Physical Health Observance: Stroke Awareness Month



Carotid Artery Procedures: Stroke Prevention, video


Stroke: Know the Signs and BE FAST, video

Stroke: Understanding the Symptoms, video

Stroke: What's Your Risk?, video

What Is a Stroke?, video


What is a stroke?
A stroke is damage to the brain that occurs when a blood vessel in the brain bursts or is blocked by a blood clot. Without blood and the oxygen it carries, part of the brain starts to die. The part of the body controlled by the damaged area of the brain can't work properly.

Brain damage can start within minutes of a stroke. But quick treatment can help limit the damage and increase the chance of a full recovery.

What causes it?
What causes a stroke depends on the type of stroke.

There are two types of stroke:

  • An ischemic (say "iss-KEE-mick") stroke is caused by a blood clot that blocks blood flow to the brain. A blood clot can form in an artery that supplies blood to the brain. Or a blood clot can form in another part of the body (often the heart) and travel through the bloodstream to the brain. Ischemic strokes are the most common type of stroke.
  • A hemorrhagic (say "heh-muh-RAW-jick") stroke is caused by bleeding in or around the brain. It happens when an artery in the brain leaks or bursts. Hemorrhagic strokes are less common than ischemic strokes.

What are the symptoms?
BE FAST is a simple way to remember the main symptoms of stroke. These symptoms happen suddenly. So knowing what to look for helps you know when to call for medical help.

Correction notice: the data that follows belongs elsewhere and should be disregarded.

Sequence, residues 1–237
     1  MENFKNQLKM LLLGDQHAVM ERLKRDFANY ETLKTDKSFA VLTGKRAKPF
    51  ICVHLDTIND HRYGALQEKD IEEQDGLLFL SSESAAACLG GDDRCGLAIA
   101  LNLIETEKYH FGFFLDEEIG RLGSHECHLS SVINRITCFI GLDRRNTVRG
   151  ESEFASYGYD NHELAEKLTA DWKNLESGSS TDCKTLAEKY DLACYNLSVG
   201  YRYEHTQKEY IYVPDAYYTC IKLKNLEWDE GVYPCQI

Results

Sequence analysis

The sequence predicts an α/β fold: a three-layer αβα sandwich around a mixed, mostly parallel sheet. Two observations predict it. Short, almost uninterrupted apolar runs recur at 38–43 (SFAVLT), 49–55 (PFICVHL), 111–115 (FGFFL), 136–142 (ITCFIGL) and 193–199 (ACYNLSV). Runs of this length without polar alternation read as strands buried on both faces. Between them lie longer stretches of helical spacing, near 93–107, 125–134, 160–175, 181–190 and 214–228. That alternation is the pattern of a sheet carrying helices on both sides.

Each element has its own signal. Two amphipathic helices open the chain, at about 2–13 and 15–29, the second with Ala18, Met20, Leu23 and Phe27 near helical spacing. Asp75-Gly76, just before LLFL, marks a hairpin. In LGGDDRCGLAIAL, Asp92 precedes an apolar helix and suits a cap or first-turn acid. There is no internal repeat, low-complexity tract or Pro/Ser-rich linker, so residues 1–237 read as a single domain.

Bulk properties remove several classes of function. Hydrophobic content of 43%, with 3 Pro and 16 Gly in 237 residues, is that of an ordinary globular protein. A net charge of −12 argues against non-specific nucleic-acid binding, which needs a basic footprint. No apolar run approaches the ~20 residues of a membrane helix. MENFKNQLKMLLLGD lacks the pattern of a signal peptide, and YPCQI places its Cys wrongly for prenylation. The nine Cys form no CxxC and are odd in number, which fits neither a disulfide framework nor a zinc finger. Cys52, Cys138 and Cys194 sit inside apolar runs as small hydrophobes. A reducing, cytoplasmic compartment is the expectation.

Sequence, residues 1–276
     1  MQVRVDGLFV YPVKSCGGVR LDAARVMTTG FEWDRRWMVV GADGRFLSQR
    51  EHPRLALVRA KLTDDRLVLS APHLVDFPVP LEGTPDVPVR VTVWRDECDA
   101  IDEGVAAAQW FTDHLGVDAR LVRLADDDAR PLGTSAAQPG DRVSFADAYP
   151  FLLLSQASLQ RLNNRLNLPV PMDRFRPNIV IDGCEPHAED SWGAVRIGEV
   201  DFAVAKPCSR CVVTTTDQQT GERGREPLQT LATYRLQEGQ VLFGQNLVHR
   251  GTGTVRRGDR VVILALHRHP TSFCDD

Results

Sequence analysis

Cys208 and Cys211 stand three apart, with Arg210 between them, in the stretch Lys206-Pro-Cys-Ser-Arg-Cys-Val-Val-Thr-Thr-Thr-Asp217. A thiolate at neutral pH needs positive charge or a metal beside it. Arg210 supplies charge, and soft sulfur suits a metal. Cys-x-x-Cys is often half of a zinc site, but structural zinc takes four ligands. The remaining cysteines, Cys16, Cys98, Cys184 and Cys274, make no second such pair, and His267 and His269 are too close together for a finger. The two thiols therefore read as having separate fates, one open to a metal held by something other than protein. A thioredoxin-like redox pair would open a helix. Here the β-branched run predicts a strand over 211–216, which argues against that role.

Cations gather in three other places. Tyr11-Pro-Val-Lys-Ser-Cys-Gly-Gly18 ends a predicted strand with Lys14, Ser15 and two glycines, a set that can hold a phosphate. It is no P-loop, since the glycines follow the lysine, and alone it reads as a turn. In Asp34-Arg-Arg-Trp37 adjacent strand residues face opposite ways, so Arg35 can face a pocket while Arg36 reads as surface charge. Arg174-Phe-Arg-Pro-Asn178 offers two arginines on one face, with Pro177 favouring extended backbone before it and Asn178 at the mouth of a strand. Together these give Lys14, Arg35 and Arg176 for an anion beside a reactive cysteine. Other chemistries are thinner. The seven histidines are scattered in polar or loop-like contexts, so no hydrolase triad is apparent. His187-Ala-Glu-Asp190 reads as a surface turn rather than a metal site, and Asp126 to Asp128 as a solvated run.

BE FAST stands for:

B alance. Loss of balance or trouble walking.
E yes. Trouble seeing out of one or both eyes.
F ace. Weakness or drooping on one side of the face.
A rm. Weakness or numbness in an arm or leg.
S peech. Trouble speaking.
T ime to call 911.

Other stroke symptoms include sudden confusion, sudden trouble understanding simple statements, fainting, a seizure, and a sudden, severe headache.

When you know what stroke symptoms are, you will know when it's important to call for medical help. Quick treatment can limit damage from a stroke, and it may save your life or someone else's life.

How is it diagnosed?
The first test the doctor will do in the emergency room is a CT scan or MRI of the head. This can show if there is bleeding. Other tests may be done to check the stroke symptoms and check for other health problems.

How is a stroke treated?
For an ischemic stroke, you may get a clot-dissolving medicine called tissue plasminogen activator (TPA). You may get other medicines to prevent blood clots. A procedure may be done to remove the clot and restore blood flow.

For a hemorrhagic stroke, you may get medicine or a transfusion with parts of blood. This can stop the bleeding in the brain. You may have surgery or a procedure to repair an aneurysm or relieve pressure on the brain. You may get medicines to control blood pressure, brain swelling, and other problems.

After either kind of stroke, treatment shifts to preventing future strokes and to your recovery. A stroke rehabilitation program can help you recover and learn ways to adapt to changes caused by a stroke. Medicine and a heart-healthy lifestyle can help prevent another stroke. Your doctor will help you manage other conditions that put you at risk for another stroke.


Source: Healthwise


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